Snake Avoidance for Dogs Saves Owners, Too

Dog ownership comes with a lot of responsibilities.  Feeding, exercising, grooming and regular vet visits are familiar routines for every dog owner, but having pet dogs in the Sonoran Desert comes with its own unique set of concerns.  The weather, landscape and wildlife of this desert we call home are as beautiful as they are unforgiving.  When rattlesnakes frequent your back yard and you can fry an egg on the sidewalk, simple tasks like going for a walk or even letting your dog into the back yard for a potty break can require some advance planning and special attention.

Every year, hundreds of dogs in Arizona are bitten by rattlesnakes.  Whether or not a snake bite is fatal will depend on your dog’s resistance to the venom, where they were bit and the amount of venom they received.  The “lucky” dogs may just spend a few miserable weeks healing from the oozing, swollen sores at the envenomation site.  Others won’t be so lucky.  If your dog DOES survive a bite, you can expect $3000 – $10,000 in ensuing veterinary bills.  Due to the high cost of anti-venom, a few thousand of that may be due the moment you walk into the office in order for the vet to administer it.

Rattlesnake venom is categorized into three different types, and some species carry all three.  Hemotoxic  venom attacks the red blood cells – specifically their ability to prevent clotting – and acts as a digestive aid, breaking down proteins to make the nutrients available to the snake.  This type of venom kills slower than others as it tends to localize in the bite area, essentially melting the muscle tissue away from the bone, resulting in permanent tissue loss or death.

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A Western Diamondback Rattlesnake

Cytotoxic Venom, which generally contains myotoxic peptides, inhibits basic cell functions while the myotoxin simultaneously causes rapid necrosis of the tissue.  Tissue in the affected area becomes black and  ooze-like, producing a putrid, rotting smell.

The most dangerous of the three – Neurotoxic Venom – gives the Mojave Rattlesnake its feared reputation.  Neurotoxic venom works considerably faster than other types.  A bite from a Mojave can do swift and deadly damage to the central nervous system.  Depending on the bite location and amount of venom, a 200lb man could suffer paralysis, suffocation and heart failure within an hour.

Because our dogs are curious by nature, Rattlesnakes pose a likely and immediate threat.  For a dog who startles a snake in a shady spot on the patio, a potty break can become a nightmare in the blink of an eye.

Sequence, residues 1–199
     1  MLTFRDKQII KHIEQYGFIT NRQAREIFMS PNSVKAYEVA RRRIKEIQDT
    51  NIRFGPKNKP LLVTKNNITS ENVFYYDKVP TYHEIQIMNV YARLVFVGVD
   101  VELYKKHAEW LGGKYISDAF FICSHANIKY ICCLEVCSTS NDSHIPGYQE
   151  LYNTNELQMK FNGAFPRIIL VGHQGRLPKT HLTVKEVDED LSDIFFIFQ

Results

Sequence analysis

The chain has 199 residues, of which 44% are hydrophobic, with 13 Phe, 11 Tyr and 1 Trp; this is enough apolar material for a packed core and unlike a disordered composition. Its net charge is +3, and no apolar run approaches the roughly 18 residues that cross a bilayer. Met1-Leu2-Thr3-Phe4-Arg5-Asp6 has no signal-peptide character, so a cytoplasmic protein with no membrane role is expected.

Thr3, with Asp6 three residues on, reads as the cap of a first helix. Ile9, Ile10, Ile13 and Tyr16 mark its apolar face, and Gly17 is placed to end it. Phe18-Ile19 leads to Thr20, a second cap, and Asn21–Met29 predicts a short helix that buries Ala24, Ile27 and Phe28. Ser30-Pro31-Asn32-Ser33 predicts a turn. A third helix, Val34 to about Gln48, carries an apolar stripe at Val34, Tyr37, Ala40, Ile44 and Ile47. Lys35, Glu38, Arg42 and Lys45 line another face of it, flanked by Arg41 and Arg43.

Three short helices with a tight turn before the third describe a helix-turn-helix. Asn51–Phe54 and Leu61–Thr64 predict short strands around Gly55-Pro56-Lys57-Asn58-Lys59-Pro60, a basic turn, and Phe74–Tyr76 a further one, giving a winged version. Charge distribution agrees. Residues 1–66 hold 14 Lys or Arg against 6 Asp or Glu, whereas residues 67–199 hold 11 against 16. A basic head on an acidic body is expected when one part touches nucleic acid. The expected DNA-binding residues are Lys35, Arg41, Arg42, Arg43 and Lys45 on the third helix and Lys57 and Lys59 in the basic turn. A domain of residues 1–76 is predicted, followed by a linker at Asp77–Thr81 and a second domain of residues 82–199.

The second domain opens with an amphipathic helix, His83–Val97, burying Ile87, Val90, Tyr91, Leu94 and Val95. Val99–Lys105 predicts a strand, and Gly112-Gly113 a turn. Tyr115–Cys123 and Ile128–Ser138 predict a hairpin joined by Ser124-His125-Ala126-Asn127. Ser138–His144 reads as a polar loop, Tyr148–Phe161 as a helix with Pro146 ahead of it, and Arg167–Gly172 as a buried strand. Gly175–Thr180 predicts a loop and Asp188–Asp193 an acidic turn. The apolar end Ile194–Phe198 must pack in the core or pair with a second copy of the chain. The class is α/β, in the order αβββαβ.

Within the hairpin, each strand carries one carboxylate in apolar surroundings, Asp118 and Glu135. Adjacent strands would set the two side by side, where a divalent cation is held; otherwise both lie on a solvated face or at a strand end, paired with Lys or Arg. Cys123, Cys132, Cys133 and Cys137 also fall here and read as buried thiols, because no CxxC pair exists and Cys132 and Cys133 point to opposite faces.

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A Golden Retriever suffering a rattlesnake bite to the eye

So how do you protect your dogs from a snake bite?

For folks with an existing wall or fence on their property, a bit of ¼” hardware cloth on openings and door-sweeps may do the trick.  ¼” mesh will keep out venomous snakes, toads, Gila Monsters and other unsavory creatures with relative ease.  This will work great for your back yard but doesn’t mitigate the dangers of walking or hiking with your dog.

If your dog is old enough, they could benefit from the rattlesnake vaccine, which can lessen the effects of the venom and buy you some extra time to get them to the vet.   The vaccine needs to be boosted at regular intervals but is generally affordable.

The best, and most effective way to keep your dog safe, however, is to have them undergo rattlesnake avoidance training with a reputable dog trainer.  Avoidance training teaches your dog to identify venomous snakes by their smell, appearance and sound and associate them with an unpleasant sensation.  When done correctly, the dog will exhibit a fear response when it knows there is a rattlesnake nearby, and attempt to escape by moving away from it.  As an added bonus, many dogs exhibit very recognizable behavior that can let their owner know there’s a snake before either of them even see it.  Like the vaccine, aversion training should be maintained on a regular basis for best results.

Three weeks ago, one of our clients in Green Valley was out walking at dusk with her German Shepherd whom she recently adopted from the Animal League of Green Valley.   Our client didn’t happen to notice the Diamondback stretched out on the sand-colored gravel next to the sidewalk, and would have walked right into bite range had she been walking alone.  Duchess’ training kicked in, and as soon as she smelled it, she became visibly upset and pushed her owner three feet to the right, well out of harm’s way.  As she looked around to see what had set Duchess off, she honed in on a perfectly camouflaged Western Diamondback, nearly 3 feet long, its head inches from where her foot would have landed.

Because we give yearly re-checks and touch-up training to our clients at no additional cost, she can rest easy knowing that she and Duchess can safely enjoy their dusk-walks for years to come.

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Cerberus K9 owner/lead trainer Joe Reaves fitting a Western Diamondback rattlesnake with a protective, no-bite hood prior to a training session

 

Cerberus K9 2016

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